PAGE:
In the Bible, there are many saints who had severe bouts of depression. Depression was certainly the problem for Job after Satan’s attacks on him. His three miserable friends and the nagging of his wife did not help him either. David knew depression and wrote Psalms 42 and 43 to help himself and us deal with the matter. Jeremiah went through depression and often wished that his head was a fountain of waters so he could cry day and night for the lost people of Judah. In the New Testament, the Apostle Paul was tormented by depression. He wrote in 2 Corinthians 7:6– “But God, who comforts the depressed, comforted us by the coming of Titus.” All of that second epistle to the Corinthians deals with the matter of depression in one way or another.
There have also been great saints and ministers who have suffered depression. Charles Spurgeon is chief among them. The great orator often had to slip away from his duties in the pulpit until his tormenting bouts of depression had been temporarily conquered again. Sometimes, he would go to France for relaxation and rest. Depression is no respecter of persons. One of America’s greatest leaders had a severe case of depression in his early life. He lost his mother, his wife, and his daughter on the same day. He went away to the west to work on a horse ranch. One night he told a confidant: “My life is over. I will never be anything.” That man responded: “You ought not to think that way. You will not always feel that way.” His friend was right. That man was Teddy Roosevelt.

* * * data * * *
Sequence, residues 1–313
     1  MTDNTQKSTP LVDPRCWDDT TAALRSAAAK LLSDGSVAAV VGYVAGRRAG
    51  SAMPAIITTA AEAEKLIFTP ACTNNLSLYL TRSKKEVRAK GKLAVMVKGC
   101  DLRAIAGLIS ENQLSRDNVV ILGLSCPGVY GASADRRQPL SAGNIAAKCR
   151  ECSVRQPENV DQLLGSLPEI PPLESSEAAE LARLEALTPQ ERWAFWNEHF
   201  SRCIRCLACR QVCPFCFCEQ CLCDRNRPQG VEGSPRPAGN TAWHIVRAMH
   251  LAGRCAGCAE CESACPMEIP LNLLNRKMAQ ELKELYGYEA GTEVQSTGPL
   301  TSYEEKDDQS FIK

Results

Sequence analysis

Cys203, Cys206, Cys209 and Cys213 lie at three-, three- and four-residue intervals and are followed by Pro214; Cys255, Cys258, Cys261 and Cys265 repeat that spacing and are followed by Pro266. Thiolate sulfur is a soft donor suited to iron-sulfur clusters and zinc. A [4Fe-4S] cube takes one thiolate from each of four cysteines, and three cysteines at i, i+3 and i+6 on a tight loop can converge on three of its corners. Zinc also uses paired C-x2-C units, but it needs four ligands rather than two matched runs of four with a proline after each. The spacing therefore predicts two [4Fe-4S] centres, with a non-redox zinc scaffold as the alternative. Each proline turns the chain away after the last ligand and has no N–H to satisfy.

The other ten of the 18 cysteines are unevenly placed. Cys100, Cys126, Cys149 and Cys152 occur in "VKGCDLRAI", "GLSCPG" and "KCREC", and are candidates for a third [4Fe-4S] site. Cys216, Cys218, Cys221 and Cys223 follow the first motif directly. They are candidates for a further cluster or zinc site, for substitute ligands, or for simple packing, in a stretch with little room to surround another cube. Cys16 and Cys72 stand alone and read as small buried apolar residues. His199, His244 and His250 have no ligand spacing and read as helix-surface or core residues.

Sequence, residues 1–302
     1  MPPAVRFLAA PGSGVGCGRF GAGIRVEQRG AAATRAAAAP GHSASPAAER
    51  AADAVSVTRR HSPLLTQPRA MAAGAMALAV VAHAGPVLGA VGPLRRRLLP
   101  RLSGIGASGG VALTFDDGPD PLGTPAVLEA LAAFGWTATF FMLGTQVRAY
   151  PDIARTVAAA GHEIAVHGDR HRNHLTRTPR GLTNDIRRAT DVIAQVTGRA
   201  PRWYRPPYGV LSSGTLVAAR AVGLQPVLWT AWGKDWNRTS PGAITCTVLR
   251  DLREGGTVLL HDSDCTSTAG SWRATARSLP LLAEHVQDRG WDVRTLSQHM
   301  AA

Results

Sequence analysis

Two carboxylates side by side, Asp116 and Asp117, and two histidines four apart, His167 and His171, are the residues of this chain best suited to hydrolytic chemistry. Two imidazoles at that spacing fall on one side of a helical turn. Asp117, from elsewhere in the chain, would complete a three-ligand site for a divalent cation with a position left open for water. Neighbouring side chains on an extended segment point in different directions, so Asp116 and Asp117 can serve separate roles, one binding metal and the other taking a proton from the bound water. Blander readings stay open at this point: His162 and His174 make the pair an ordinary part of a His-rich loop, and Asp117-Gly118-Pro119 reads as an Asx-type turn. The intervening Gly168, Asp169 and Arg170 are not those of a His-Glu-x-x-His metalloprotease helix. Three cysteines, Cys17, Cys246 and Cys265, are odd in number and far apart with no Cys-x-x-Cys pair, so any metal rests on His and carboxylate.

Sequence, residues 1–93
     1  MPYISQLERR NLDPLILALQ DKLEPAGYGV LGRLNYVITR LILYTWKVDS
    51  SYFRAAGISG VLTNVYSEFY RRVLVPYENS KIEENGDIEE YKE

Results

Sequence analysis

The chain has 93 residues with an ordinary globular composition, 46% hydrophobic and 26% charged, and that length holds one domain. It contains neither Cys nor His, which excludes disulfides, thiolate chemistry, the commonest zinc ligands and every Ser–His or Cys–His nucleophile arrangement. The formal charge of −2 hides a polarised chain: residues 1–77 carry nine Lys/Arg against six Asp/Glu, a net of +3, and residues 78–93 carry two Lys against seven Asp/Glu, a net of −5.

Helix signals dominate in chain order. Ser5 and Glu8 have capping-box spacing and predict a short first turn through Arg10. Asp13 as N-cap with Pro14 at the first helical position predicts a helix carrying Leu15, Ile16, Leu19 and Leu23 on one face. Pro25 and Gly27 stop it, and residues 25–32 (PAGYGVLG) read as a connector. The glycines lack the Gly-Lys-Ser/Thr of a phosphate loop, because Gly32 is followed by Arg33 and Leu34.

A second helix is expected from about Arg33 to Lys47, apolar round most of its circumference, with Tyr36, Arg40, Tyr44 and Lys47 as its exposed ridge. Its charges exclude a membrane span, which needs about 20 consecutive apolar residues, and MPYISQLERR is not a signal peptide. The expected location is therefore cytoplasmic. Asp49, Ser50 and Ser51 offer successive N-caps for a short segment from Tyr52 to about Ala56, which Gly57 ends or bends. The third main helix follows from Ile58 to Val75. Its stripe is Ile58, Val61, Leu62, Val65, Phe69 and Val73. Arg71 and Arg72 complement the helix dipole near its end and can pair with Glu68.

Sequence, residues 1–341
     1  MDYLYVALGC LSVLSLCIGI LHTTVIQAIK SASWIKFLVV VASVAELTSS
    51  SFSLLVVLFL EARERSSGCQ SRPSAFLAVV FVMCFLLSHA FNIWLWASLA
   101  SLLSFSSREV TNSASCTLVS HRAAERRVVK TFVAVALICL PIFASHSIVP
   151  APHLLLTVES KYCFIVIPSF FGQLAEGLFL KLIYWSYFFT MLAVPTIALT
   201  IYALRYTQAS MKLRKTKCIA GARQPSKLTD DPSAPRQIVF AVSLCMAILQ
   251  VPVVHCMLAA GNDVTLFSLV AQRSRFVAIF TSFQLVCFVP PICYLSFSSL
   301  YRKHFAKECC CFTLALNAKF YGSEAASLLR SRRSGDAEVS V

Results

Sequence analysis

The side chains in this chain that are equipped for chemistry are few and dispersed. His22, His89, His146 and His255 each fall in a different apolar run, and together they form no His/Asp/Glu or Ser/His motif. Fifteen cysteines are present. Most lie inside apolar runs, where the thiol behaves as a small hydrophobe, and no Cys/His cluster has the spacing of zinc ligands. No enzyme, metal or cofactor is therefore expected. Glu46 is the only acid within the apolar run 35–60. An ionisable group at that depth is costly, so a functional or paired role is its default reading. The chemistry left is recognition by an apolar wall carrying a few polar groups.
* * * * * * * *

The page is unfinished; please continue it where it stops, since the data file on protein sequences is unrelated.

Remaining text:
Once again, I mention Paul. When he was saved, the Lord said that He would show him “what great things he must suffer.” His suffering began almost immediately. The citizens of Damascus plotted against him and he only escaped death by being lowered in a basket through a hole in the wall of the city. He went to Jerusalem, but the disciples were afraid of him until Barnabas introduced him to the apostles. Some of the Hellenistic Jews plotted to kill him and he escaped the city through the help of the brethren. At that point, Paul went to Tarsus, the city of his birth. We are not told in Scripture what Paul was doing in Tarsus, but I feel he was recovering from his depression. Perhaps, he thought his life was over after people in both Damascus and Jerusalem had tried to kill him. Barnabas found Paul in Tarsus and took him to Antioch where the church commissioned the two of them to preach the gospel to the Gentiles. They were the first Christian missionaries.